reviewed by Ben Hogwood
What’s the story?
Twelve years on from Digital Shades Vol.1, M83 – aka Anthony Gonzalez – revisits his instrumental project. This time, ironically, he chose to use solely analogue equipment in the creation of the sequel, which goes beyond his love of ambient music and shoegaze.
What’s the music like?
While the first Digital Shades volume took its time and created vistas from scratch, DSVII is a much busier affair, reflecting the video games soundtracks of the 1980s that inspired it. Gonzalez freely admits to his wish to recreate the analogue sound of that time, and in doing so emulate or rival the electronic pioneers making music then.
The drone with which Hell Riders begins is a throwback to the first release, but soon enough an attractive set of guitar loops blossoms into what feels like a full-blown set of end credits for a TV series melodic layers piling up on each other.
This is the true sound of DSVII, which leans in towards progressive rock and those synthesizer works from the likes of John Carpenter and Jean Michel Jarre. Gonzalez takes melodic cells and moves them around like the images on the games. It is entertaining and eventful, but sometimes too busy to class as relaxing. It is ultimately background music in this setting, and tracks like Meet The Friends, while attractive, feel like they are playing second fiddle to the images in Gonzalez’s mind. Likewise A Taste Of The Dusk, with more closing credits music, and the sweet flute that fronts Lunar Son. Oh Yes You’re There, Everyday is a good example of the meandering tunes and harmonies we have here, relaxing yet curiously restless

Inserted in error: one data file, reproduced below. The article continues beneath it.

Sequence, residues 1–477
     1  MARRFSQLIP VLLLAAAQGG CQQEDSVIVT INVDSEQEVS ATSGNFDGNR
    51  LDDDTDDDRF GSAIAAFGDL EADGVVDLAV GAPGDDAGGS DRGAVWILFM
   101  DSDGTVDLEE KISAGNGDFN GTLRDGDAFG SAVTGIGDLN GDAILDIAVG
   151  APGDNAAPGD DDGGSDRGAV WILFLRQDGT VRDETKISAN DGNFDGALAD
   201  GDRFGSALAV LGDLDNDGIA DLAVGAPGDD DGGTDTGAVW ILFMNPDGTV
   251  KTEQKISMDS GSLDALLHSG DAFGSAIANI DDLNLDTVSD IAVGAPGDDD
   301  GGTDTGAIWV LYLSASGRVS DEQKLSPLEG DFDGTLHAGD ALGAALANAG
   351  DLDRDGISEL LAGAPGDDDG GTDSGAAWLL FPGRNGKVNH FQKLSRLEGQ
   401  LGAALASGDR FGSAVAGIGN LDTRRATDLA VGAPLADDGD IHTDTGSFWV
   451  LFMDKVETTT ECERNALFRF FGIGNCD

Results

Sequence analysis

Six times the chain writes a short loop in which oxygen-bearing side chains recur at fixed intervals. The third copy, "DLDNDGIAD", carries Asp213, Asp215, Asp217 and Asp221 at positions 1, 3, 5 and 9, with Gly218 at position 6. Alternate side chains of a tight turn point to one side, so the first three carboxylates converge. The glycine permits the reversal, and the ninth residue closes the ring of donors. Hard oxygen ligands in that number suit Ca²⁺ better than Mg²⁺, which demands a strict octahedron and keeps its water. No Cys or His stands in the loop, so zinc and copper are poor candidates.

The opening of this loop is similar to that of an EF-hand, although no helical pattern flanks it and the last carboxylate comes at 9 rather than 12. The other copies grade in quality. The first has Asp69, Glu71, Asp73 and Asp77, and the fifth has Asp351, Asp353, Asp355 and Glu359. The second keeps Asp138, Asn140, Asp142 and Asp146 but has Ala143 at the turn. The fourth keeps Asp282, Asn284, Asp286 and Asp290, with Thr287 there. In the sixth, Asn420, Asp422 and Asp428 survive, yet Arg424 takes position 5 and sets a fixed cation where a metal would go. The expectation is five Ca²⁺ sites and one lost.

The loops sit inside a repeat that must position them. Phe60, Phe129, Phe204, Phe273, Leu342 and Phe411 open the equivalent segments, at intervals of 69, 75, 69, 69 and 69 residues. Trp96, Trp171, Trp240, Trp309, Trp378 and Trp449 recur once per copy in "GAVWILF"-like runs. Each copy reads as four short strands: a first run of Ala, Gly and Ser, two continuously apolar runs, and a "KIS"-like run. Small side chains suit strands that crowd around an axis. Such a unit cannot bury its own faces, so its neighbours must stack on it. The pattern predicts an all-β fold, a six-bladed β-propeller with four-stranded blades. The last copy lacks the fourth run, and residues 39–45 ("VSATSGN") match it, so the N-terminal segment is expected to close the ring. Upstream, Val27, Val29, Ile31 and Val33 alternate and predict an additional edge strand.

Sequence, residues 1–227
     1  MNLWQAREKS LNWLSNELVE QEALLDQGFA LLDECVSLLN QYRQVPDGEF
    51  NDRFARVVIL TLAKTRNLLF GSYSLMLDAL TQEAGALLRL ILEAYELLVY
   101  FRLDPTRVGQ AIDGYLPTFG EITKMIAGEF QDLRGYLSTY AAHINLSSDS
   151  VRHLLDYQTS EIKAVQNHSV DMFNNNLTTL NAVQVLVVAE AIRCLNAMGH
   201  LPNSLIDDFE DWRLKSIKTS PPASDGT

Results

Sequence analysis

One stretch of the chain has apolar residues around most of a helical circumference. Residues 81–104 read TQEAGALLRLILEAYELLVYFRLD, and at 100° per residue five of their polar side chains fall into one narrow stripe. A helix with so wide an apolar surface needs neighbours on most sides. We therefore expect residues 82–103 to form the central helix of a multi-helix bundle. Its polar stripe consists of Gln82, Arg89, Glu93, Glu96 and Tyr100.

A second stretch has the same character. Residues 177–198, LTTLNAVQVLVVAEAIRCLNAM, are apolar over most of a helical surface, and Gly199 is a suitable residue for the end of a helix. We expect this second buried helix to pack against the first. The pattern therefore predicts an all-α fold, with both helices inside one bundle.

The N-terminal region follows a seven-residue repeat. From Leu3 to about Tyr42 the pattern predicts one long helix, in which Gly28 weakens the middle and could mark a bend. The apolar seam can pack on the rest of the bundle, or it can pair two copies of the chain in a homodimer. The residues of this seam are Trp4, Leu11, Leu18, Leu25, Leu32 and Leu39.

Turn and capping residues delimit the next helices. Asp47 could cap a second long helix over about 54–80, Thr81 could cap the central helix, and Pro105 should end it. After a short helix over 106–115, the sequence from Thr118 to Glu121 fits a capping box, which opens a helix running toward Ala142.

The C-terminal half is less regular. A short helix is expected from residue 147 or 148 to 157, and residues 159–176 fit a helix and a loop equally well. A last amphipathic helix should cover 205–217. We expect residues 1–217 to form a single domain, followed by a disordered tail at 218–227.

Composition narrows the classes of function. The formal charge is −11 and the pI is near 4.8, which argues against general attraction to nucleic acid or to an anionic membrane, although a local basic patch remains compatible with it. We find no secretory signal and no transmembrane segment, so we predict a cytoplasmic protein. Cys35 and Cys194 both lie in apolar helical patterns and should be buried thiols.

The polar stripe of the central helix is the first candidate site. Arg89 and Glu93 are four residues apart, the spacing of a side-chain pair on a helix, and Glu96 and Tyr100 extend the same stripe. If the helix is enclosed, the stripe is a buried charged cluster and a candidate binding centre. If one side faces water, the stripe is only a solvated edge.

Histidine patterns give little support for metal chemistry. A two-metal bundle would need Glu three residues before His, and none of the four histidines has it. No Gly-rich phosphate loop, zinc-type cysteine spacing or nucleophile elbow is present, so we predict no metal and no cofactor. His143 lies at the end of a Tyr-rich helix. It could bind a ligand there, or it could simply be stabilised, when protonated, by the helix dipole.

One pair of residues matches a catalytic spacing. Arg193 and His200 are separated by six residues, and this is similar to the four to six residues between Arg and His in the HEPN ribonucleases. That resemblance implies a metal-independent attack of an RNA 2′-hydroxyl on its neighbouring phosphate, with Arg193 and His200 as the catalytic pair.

There are some nice diversions though. Goodbye Captain Lee has a sweet air of melancholia, and Colonies is atmospheric, while Mirage effortlessly paints a hazy vista. The piano-led Jeux d’enfants invites comparison with Ravel and Satie, partly because of its name, and is attractive if not as substantial as their writing.
Arguably the best is saved until last, and Temple Of Sorrow, a substantial track that builds through a rush of drums and wordless vocals, cutting out to a soft, bell-like piano. Here you feel is the real heart of how Gonzalez naturally writes music.
Does it all work?
Not all of it. Those who know M83’s music for its power and skyscraper-like builds (Midnight City and We Own The Sky come to mind) might be surprised at the relatively frivolous side shown here – which could of course be seen as an asset too, revealing an artist of several different musical personalities and attributes. Whether you respond to this positively will depend on whether you can take on an hour of instrumental music rooted heavily in the 1980s. If you’re in the wrong mood it might feel like music to eat a meal to rather than immerse yourself in.
Is it recommended?
Yes, ultimately. M83 fans need not hesitate – nor those lovers of 1980s’ instrumental electronica. Those wanting the power of previous albums might want to try before they buy.